I also can't fathom cooking anything elaborate in this heat. The quicker, the easier, the better.

Nothing is quicker and easier than stir-frying minced pork with 乌橄榄菜. I don't have to cut anything except for a few cloves of garlic. Which takes all of five seconds if you whack 'em hard with a cleaver à la Martin Yan. The pork, because it's minced, takes all of two minutes to cook. It's done before I get all hot and bothered. Now that's what I call a cool dish for a hot day . . .

(Recipe for 4 persons)

60 g 乌橄榄菜
3 large cloves garlic, peel and mince coarsely
300 g coarsely minced pork
light soya sauce to taste, 1 tsp or so

1. Drain 乌橄榄菜, reserving oil.

2. Heat wok till very hot. Add 1 tbsp oil drained from 乌橄榄菜. Heat oil till very hot. Add garlic. Stir-fry till translucent over medium heat. Add 乌橄榄菜. Stir-fry till fragrant and garlic is lightly golden. Increase heat to high. Add minced pork. Stir to break up lumps. Keep stirring till pork turns opaque, 2-3 minutes.

3. Taste pork, then season with light soya sauce if necessary. Mix well. Turn off heat. Plate and serve immediately with rice or porridge.

Pear & Snow Fungus Sweet Soup

Cantonese sweet soups (糖水) are usually served as a dessert, but they're not like desserts in any other culture.

Everyone regards desserts as an evil temptation that they should avoid as much as possible, except the Cantonese. To them, desserts aren't indulgent or sinful but a necessary health tonic for the body.
That's right, desserts are a health food! Isn't that an awesome idea?!

Forget the nasty stuff like wheatgrass and flax seeds. Heath food Cantonese style is what you want!

There're many restaurants in Hong Kong that serve only sweet soups. A lot of these specialty eateries are packed with people, even late at night.

Do the customers feel guilty when they're tucking into something sweet and yummy, sometimes just before going to bed?

Not at all!

Why would anyone feel bad about eating health food?

If they're feeling listless and tired, a bowl of red bean soup would give 'em an energy boost.

Having an acne breakout?

Red wouldn't be the right colour. Instead, go for green bean soup which is also good for eczema and lowering cholesterol.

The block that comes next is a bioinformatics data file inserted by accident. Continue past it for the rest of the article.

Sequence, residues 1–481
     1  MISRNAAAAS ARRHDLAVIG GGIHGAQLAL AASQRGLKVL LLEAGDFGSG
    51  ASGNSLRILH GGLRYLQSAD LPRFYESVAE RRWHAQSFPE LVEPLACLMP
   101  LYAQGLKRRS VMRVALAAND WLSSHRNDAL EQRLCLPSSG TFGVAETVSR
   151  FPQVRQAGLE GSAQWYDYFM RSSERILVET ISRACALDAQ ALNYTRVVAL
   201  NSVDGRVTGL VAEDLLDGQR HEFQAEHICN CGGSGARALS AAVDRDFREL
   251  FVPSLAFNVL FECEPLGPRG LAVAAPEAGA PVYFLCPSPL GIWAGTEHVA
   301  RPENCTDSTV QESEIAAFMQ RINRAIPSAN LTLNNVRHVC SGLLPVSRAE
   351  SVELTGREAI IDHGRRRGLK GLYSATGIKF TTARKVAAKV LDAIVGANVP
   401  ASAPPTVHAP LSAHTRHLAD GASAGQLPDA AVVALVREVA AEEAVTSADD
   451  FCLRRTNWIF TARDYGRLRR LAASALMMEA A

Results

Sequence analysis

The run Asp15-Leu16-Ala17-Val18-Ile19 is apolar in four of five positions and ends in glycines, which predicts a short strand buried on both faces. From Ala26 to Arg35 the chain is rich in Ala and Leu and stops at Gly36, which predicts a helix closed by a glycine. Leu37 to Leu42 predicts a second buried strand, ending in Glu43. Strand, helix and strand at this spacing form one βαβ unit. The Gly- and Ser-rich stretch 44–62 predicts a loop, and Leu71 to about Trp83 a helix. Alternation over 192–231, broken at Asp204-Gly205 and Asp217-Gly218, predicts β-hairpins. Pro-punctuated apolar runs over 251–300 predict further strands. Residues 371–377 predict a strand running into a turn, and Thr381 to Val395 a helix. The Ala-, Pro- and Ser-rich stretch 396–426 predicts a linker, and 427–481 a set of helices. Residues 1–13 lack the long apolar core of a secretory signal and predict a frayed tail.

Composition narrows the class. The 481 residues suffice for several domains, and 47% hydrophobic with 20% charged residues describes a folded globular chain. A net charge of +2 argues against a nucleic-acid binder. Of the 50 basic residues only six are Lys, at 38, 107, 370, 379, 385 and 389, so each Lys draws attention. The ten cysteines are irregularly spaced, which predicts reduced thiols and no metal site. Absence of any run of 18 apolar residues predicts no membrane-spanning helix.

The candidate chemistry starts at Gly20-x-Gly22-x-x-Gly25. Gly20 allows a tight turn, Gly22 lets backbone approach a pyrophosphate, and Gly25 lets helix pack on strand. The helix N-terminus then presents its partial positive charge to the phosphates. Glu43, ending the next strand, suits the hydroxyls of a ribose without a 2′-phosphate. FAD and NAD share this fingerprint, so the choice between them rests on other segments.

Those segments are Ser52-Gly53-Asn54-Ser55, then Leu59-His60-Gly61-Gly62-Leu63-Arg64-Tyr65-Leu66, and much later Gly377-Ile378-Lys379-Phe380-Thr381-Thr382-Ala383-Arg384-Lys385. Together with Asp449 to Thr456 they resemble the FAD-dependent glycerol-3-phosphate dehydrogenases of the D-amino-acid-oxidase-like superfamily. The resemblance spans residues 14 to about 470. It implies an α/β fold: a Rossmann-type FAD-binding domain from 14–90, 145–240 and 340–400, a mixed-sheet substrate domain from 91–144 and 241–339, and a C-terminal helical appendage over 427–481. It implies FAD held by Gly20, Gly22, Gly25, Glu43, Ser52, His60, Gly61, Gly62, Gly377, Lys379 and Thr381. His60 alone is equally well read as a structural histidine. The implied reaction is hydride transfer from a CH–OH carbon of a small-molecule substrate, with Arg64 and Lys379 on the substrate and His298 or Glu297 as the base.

Looking for smooth, milky white complexion? That calls for almond milk or steamed custard.

Been coughing lately?

Sea-coconuts and pears to the rescue.

Does black glutinous rice with coconut milk and mangoes sound good?

I hear it improves digestion.

Worried about hair turning grey?

Forget coconuts. Black sesame soup would do the trick . . . 

I haven't come across a sweet soup that cures cancer but there's something for just about everything else!

I had two bowls of pear and snow fungus sweet Soup (银耳雪梨糖水) after dinner. My throat, which had been quite dry for a few days, feels OK now. Worked like a charm, and it was a light and refreshing dessert to boot.

Who says you should avoid desserts? When it's a Cantonese sweet soup, you should have a second helping!

(Recipe for 4 persons)

1 piece dried snow fungus (雪耳/银耳), about ½ palm size or 10 g
2 big or 3 medium Chinese or Japanese pears (about 550 g)
1½ tbsp Chinese bitter almonds (北杏), rinsed
1½ tbsp Chinese sweet almonds (南杏), rinsed
10 Chinese dried red dates (红枣), rinsed and pits removed
rock sugar to taste, 70 g or so (or light brown sugar if not available)

1. Soak snow fungus in water till soft, about 20 minutes. Trim dirty, tough ends and discard. Rinse thoroughly and tear into bite size pieces.

2. Rinse, peel, core and quarter pears. Cut each quarter into 3-4 chunky pieces.

3. Put all ingredients except rock sugar in a pot with 6 cups water. Bring to a boil. Simmer gently, covered. Check after 45 minutes. There should be enough water for ingredients to just float freely. Top up if necessary. Or increase heat slightly if there's too much. Simmer another 15 minutes if you like snow fungus crunchy, or 30 minutes if you prefer it soft.

4. Season to taste with rock sugar. If you like, discard pears which would be quite tasteless after the long simmer. Serve hot, chilled or at room temperature, as dessert, afternoon tea or supper. It's up to you. May be stored in the fridge for 2 days.

Lemon Tarts

When life gives you lemons, make lemon tarts. They're much better than lemonade.

If you don't have free lemons from life, go buy some. Lemon tarts are worth it.

My lemon tarts are very lemony and tart. There's about half a lemon in each small tart.

If you like lemon tarts that aren't tart, this isn't the recipe for you. My tarts aren't for lemon wimps.

Are you a lemon fiend?

If you are, my sunshine yellow tarts will give you a lemon high. Just one bite will make your eyes spring wide open with a "Ding!"

The best thing about homemade lemon tarts is the homemade lemon curd. Eaten on the day it's made, it has a tartness that's really refreshing.

After resting in the fridge for a night, the tartness mellows. The curd becomes less sharp and more rounded. Mellow homemade curd is still very good and way better than those that are commercially produced.

Good lemon curd needs to go with good pastry. Mine is very buttery and very flakey. It's the perfect partner for the silky smooth filling.